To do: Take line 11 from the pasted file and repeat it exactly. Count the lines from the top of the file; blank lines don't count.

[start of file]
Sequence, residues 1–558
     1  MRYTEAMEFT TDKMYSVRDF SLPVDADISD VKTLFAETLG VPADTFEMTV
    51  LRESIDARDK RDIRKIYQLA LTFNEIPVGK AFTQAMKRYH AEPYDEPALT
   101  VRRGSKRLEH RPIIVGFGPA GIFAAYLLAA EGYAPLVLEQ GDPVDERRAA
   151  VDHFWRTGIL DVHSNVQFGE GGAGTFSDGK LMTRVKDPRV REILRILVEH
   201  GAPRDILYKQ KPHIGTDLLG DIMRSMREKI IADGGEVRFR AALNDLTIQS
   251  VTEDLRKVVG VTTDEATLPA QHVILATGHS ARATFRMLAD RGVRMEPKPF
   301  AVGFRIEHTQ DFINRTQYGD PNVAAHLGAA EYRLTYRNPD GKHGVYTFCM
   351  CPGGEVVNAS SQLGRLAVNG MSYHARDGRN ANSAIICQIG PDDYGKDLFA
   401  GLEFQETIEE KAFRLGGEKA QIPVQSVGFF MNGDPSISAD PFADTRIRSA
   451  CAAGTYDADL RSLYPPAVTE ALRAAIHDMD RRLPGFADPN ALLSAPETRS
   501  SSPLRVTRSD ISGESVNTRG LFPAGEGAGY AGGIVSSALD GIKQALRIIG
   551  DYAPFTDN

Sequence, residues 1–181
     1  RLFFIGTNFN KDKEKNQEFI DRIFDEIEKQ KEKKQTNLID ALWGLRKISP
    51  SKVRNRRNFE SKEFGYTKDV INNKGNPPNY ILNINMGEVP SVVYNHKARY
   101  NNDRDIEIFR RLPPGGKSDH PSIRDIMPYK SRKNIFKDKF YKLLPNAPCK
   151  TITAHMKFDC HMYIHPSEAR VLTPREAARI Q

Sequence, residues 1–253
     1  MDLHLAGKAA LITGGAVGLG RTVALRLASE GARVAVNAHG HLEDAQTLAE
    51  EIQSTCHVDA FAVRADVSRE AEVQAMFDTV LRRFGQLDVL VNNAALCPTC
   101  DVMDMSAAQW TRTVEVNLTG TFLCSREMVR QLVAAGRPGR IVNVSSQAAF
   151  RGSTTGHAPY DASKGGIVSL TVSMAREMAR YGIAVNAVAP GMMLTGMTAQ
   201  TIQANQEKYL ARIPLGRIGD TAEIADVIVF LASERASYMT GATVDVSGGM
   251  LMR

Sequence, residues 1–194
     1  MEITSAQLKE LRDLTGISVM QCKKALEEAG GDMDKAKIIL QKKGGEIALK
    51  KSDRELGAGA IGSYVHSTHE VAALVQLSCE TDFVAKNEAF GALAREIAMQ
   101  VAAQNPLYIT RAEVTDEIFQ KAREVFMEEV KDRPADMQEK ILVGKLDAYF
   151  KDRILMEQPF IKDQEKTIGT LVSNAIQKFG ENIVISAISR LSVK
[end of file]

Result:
   451  CAAGTYDADL RSLYPPAVTE ALRAAIHDMD RRLPGFADPN ALLSAPETRS